2018 Voice of Youth
Asia Society Korea reaffirmed its commitment to providing a space for the youth of Korea to share their ideas by holding its first “Voice of Youth – Research Presentation” on Tuesday, July 3rd. Over the past couple of months, university students have been submitting their research papers, and following a tough selection process, five finalists were chosen to present at this week’s event.
The presenters from a number of local universities, covered a diverse range of topics, which made for an informative afternoon. Each candidate was assessed and graded in terms of their knowledge, planning, strategy and applicability, personal qualities, and enthusiasm. Seven distinguished judges were in attendance to pick a winner: Chong Ghee Ahn, Senior Advisor at Kim & Chang; Jimmy Chul Won CHEY, President of MIGHT & MAIN; Sung-Joo Han, Professor Emeritus, Korea University; Eddie Suk Hyun Kang, Creative Director at Happy Cell Inc; Sean Sea-Yeon Kim, CEO of W Investment & Finance Co., Ltd; Yvonne Kim, Executive Director at Asia Society Korea; Hong-Koo Lee, Chairman of Seoul Forum; and Peter Pae, Seoul Bureau Chief at Bloomberg.
The representative from Chung-ang University, Hong-il Kim, got things underway with a talk about cryptocurrency regulation in South Korea. Given the recent interest in the alternative currencies, the issue of legalization and its impact on society requires attention. Kim used his time to make suggestions for establishing effective policing and regulatory guidelines for blockchain technology in Korea. After presenting the situation in Korea and outlining the approaches taken by other countries, Kim urged policymakers on the peninsula to speed up their decision making and cooperate with the private sector. Through pertinent regulation that clamps down on illegal activities, fosters the technology, and works with international partners, Kim believes cryptocurrencies offer a great opportunity for Korea and the world as a whole.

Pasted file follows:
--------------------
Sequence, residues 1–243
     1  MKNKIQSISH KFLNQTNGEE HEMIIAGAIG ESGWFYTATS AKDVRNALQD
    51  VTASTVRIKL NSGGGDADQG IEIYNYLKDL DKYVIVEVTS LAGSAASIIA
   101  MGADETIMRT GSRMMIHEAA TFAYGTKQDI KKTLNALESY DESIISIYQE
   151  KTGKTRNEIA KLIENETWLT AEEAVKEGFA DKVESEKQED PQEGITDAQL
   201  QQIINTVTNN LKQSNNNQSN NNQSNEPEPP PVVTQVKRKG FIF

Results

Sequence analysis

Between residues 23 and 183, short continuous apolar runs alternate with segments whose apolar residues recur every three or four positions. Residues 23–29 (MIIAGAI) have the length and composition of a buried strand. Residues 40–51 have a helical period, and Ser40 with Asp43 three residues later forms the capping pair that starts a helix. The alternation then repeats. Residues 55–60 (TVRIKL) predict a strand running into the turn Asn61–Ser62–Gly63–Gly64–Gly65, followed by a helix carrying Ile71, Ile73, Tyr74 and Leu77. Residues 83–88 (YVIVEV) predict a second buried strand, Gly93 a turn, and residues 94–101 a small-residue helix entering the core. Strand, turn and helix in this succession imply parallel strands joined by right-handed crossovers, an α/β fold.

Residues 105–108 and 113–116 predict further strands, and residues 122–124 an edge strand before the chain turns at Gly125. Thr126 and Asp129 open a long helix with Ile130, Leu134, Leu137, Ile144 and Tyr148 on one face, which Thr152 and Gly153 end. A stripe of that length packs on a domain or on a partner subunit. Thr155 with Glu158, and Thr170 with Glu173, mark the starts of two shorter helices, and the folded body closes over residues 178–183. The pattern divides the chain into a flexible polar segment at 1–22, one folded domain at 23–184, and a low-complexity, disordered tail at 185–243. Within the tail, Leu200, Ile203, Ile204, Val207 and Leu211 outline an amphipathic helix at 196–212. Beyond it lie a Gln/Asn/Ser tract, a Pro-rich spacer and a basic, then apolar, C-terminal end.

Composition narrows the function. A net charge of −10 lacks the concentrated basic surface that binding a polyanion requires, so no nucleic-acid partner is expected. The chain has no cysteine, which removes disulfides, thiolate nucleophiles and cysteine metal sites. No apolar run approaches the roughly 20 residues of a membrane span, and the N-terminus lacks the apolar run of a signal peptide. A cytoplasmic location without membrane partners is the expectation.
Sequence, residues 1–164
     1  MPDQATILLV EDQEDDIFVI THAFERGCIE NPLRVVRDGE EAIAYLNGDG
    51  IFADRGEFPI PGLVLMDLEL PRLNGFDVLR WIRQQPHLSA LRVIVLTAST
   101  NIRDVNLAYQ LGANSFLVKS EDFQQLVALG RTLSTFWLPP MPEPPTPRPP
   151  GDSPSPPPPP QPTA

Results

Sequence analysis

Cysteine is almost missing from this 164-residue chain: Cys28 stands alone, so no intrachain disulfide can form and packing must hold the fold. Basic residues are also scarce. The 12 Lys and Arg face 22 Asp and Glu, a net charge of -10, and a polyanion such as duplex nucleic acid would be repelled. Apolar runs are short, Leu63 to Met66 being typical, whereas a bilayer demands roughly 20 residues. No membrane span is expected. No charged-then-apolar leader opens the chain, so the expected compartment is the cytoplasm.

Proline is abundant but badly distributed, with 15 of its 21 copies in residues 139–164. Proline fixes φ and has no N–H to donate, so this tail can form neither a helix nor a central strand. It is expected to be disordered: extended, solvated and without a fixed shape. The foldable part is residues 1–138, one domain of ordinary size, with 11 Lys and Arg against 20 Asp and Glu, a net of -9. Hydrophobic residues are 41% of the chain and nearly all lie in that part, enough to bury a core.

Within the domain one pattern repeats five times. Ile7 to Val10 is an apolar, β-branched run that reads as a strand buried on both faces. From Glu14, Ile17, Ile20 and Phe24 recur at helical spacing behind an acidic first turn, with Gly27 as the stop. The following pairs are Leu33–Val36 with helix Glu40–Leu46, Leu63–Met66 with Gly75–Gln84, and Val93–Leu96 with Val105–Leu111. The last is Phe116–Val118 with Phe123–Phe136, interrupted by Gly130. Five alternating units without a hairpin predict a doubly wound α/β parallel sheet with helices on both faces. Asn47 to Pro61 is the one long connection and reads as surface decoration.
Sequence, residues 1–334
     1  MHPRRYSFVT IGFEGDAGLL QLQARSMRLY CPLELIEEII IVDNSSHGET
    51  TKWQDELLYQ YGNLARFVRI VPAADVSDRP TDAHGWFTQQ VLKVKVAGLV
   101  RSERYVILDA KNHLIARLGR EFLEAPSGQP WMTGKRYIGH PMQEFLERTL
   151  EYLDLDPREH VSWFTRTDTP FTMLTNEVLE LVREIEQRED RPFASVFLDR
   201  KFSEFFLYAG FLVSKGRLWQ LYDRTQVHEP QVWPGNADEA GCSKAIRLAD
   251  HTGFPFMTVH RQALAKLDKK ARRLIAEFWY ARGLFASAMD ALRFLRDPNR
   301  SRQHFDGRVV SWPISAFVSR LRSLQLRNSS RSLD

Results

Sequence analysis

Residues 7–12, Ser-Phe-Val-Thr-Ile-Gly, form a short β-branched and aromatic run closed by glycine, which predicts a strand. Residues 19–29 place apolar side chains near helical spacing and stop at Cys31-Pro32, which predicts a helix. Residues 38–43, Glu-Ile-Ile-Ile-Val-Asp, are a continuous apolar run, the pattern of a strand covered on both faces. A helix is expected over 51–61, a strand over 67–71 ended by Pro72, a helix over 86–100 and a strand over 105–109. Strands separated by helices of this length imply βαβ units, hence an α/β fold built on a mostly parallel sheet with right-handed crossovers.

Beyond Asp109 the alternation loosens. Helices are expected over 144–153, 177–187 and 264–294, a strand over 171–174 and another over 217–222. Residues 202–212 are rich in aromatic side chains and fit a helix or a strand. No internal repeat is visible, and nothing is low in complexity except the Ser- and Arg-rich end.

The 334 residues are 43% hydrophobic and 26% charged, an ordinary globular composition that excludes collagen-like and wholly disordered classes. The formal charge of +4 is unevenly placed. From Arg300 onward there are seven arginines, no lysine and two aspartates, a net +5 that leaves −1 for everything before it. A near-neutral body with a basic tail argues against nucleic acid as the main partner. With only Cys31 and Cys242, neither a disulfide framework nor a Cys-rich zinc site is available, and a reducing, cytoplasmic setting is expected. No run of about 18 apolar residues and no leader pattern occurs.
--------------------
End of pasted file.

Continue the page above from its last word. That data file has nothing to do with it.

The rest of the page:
The second presenter, Eun-ji Park, is a well-traveled exchange student from Ehwa University and she covered South Korea’s position in North-East Asia’s integrated carbon market. Park opened by noting that since the Paris Agreement, North-East Asian countries, including Korea, have yet to find acceptable solutions to the carbon pollution issue. With this in mind, she set out to analyze the difficulties faced by domestic stakeholders in this area and the reasons why international cooperation has been unsuccessful. Through detailed research, Park demonstrated that Korea, China, and Japan are not ready to implement linkage-ready markets due to individual domestic issues that must be overcome as linkage is critical for improving the current situation.
Next up to the podium was Eun-kyung Son with her research on female entrepreneurs in South Korea and their effect on the global economy. Son, a Sogang University student, pointed out the importance these entrepreneurs, both foreign and immigrant, can have on an economy, but she also explained that data shows female entrepreneurs are underrepresented, and that there is a lack of research analysis in this area. Following interviews with a number of subjects, her paper made recommendations such as the collection and accumulation of essential data, sustainable business mentorships, and equal access to a childcare support system.
The fourth speaker, Gah-wan Yoo, used her intern experience in the U.S. as motivation for her research into financial literacy programs for immigrant women in South Korea. The Ehwa Woman’s University student observed that most immigrant support programs on the peninsula focus on language education, vocational training, and psychological treatment without any consideration for economic education. She recommended, firstly, that the Ministry of Gender Equality and Family and the Ministry of Strategy and Finance unite their programs to avoid redundancy. She also called for programs that operate on a long-term basis rather than as one-off sessions, which she claimed are inadequate.
To wrap-up the event, a student from Yonsei University, Lee Youjin, used her concerns about the future of many universities in Korea as motivation to investigate how an understanding of the Fourth Industrial Revolution can help with the issue. Lee argued that Korean universities need an innovative model to improve their competitiveness and this can be achieved through a better understanding of where science and technology is headed. Furthermore, Lee believes Korea should move to a communicative approach to education, which allows students to interact with numerous people in the field of science rather than follow a traditional lecture-style approach.
All five participants performed exceptionally well and the judges face a difficult task in selecting a winner. The final decision will be announced at an awards ceremony at the end of this month. The winner will receive a certificate and cash prize, but more importantly, the event demonstrated the importance of hearing ideas from diverse groups of people.